My favorite writing teacher of all time used to say “The beginning is important and the end is important, but the end is more important than the beginning.”
But guys… I am really terrible at endings.
Let’s talk about for a minute about the beautiful 10 mile race I ran last weekend. It started out winding alongside the Merrimack River, 60 degrees, no bugs, feeling strong. I loved those first 3 miles… and then came these terrifying, muddy, slippery hills where no joke, the leaders of the race passed me at mile 3.5 (because it was an out and back type of race.)
That’s okay, I can handle being slow – I’m used to it.
At mile 5, the manned water break at some DPW kinda outbuilding, an hour had passed and I was feeling… okay, but sort of not that great. A tiny voice in my head was saying “Just get a ride back now with the empty water jugs.” But I quashed it and started jogging beside this great lady with a killer sense of humor, and we covered a couple of those terrible hills from mile 5 to 6. At this point, I was struggling hard, so I fell back.
At mile 8, if there had been any way to magically transport myself to the finish line, I would have taken it. I probably would have paid money to get there (and I’m pretty stingy with my cash). I was calling down curses on the day I signed up for this race and every freezing day in March that had prevented me from training outdoors. (I’m kind of a wuss about freezing weather and running outdoors). Unfortunately, I had to
walk run stumble my way to the end. And then cram dry cookies in my mouth. While popping my blood blisters.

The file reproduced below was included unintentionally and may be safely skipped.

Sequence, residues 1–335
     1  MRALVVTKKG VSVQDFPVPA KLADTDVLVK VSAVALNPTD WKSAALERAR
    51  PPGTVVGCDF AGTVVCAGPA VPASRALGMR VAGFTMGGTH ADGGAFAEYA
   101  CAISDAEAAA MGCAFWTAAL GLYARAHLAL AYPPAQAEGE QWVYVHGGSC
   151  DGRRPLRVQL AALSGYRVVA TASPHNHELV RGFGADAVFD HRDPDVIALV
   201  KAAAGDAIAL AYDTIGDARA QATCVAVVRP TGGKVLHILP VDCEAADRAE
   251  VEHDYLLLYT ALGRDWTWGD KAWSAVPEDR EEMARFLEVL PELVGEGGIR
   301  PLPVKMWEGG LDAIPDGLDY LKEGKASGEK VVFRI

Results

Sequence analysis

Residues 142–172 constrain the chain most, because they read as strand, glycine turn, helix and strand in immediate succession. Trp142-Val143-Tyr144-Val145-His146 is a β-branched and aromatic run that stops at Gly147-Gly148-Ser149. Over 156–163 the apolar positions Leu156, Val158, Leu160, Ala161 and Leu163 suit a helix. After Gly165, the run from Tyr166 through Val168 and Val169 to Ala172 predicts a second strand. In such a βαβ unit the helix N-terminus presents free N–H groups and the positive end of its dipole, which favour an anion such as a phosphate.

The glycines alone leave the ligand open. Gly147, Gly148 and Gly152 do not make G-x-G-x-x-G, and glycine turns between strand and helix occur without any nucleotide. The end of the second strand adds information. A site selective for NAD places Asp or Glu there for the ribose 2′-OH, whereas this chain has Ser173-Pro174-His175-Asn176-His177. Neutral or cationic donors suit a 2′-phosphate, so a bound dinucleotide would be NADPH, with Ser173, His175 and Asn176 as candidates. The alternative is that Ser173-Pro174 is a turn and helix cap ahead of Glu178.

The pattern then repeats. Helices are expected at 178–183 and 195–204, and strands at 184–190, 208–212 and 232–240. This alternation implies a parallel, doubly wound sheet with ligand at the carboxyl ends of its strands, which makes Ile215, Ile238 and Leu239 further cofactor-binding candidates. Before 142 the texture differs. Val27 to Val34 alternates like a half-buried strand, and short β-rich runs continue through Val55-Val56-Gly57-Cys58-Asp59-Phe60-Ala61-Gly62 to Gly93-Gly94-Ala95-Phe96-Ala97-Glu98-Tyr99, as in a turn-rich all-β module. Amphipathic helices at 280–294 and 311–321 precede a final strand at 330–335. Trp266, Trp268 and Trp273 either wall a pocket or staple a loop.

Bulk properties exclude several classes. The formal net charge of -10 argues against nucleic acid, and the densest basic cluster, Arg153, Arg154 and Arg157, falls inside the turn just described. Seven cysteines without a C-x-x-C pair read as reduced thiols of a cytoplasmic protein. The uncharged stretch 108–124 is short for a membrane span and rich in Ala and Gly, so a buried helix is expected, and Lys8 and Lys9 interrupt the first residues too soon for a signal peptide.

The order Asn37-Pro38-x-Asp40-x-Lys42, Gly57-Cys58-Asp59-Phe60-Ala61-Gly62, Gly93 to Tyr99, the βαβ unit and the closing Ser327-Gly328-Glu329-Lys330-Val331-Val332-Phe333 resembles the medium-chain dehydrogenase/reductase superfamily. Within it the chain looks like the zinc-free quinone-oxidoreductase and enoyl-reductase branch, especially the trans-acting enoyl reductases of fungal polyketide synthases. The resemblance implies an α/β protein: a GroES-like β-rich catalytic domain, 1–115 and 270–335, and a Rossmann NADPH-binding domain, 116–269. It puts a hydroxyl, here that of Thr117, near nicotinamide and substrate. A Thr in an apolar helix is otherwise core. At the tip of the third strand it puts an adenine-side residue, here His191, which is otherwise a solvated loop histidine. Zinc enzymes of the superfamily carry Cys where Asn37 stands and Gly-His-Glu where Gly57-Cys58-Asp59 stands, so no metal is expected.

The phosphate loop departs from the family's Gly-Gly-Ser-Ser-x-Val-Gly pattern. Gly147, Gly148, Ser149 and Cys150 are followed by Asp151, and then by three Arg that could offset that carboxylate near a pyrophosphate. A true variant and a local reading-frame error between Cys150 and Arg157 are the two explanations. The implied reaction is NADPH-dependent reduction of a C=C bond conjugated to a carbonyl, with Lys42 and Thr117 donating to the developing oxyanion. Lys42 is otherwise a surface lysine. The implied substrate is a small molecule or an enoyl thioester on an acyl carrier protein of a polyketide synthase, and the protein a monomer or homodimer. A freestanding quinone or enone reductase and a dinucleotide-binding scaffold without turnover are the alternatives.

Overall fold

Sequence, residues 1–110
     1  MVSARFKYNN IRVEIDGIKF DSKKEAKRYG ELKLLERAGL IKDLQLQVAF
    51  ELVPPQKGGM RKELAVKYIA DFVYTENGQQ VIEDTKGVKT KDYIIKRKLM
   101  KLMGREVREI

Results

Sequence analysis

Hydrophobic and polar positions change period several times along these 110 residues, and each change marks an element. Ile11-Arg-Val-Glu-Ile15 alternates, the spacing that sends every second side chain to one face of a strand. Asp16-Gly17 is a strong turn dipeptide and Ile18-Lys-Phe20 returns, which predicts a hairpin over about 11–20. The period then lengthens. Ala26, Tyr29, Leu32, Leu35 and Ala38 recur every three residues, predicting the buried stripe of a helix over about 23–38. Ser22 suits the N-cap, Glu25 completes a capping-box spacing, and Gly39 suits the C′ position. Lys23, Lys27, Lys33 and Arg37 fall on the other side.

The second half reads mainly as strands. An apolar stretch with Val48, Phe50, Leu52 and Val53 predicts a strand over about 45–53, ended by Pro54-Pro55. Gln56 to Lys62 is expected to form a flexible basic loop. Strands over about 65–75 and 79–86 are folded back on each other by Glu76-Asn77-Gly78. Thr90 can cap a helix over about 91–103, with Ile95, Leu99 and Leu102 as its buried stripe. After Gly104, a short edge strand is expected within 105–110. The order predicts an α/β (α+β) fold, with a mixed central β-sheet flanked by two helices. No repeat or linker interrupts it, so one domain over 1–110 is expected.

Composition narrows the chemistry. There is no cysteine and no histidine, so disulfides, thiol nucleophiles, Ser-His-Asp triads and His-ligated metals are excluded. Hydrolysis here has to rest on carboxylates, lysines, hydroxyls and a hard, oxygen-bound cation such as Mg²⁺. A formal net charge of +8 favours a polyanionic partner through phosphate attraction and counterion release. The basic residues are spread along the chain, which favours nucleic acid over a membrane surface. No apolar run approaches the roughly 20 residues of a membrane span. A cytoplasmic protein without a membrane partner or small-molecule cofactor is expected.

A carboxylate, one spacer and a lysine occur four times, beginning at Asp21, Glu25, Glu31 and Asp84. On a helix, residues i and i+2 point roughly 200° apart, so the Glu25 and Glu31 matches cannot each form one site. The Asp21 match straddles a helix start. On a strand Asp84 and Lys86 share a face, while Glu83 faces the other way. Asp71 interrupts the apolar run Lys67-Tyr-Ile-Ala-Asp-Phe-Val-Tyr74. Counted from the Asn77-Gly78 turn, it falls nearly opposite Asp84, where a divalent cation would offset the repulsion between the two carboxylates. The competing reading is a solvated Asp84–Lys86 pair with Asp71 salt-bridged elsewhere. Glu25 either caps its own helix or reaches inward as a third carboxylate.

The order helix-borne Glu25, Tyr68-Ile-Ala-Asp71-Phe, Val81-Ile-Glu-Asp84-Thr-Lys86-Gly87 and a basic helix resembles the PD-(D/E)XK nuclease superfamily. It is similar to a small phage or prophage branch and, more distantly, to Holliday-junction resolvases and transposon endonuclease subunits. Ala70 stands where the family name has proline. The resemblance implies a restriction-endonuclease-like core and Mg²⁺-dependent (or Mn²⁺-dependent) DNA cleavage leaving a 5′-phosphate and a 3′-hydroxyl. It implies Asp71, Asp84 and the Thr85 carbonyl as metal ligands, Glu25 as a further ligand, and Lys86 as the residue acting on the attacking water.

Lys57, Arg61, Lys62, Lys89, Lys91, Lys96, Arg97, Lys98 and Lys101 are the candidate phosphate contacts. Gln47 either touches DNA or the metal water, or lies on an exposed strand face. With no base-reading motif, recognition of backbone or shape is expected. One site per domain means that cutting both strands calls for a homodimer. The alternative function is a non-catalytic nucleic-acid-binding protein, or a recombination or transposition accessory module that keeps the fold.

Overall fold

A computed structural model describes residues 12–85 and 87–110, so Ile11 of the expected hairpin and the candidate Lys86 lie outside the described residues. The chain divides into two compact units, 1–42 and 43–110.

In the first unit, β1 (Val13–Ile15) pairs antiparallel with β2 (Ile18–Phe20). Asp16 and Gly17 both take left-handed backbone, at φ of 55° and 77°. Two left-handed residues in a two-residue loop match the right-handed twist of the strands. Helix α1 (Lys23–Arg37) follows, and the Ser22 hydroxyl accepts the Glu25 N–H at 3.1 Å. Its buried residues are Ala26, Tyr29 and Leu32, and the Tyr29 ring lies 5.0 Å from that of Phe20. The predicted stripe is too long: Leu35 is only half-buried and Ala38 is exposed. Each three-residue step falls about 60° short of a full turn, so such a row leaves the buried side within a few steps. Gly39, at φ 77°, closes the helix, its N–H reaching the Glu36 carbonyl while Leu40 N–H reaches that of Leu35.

Gross, Beth. Just gross.
Why that disgusting story?
Well, I’m coming really close to the end of grad school, really close, but not close enough. There are 5 more weeks of classes left and a few papers, and then that’s… not quite it. There’s this tiny lil’ 300 hour internship I need to find and complete.
In general, in my quiet moments, I sit down and think, why did I sign up to do this again? The more I studied this field, the more I liked it (different than the first go-round of higher ed). However, I picked one of those degrees that doesn’t guarantee you a job and a title at the end. If you study education, people know you’re going to be a Teacher. But if you study Industrial Organizational Psychology, you don’t get to call yourself a Psychologist at the end of the MS. Unfortunately.
I feel like I’m at mile 8. The end isn’t quite here yet, and even if I had the internship all sorted out, there’s the matter of all the things I’m interested in knowing more about, and finding ways to incorporate them into life.
And getting a job. There’s that too.
If there was a way to magically transport my way to the end, where I can see the finish line (ie: the next steps in a career) I’d take it. I’d even pay some money for it. But as far as I can tell, I’ve got to stay on the course before me, and run the last couple miles, and trust that will get me there.
Getting through the last couple miles is hard.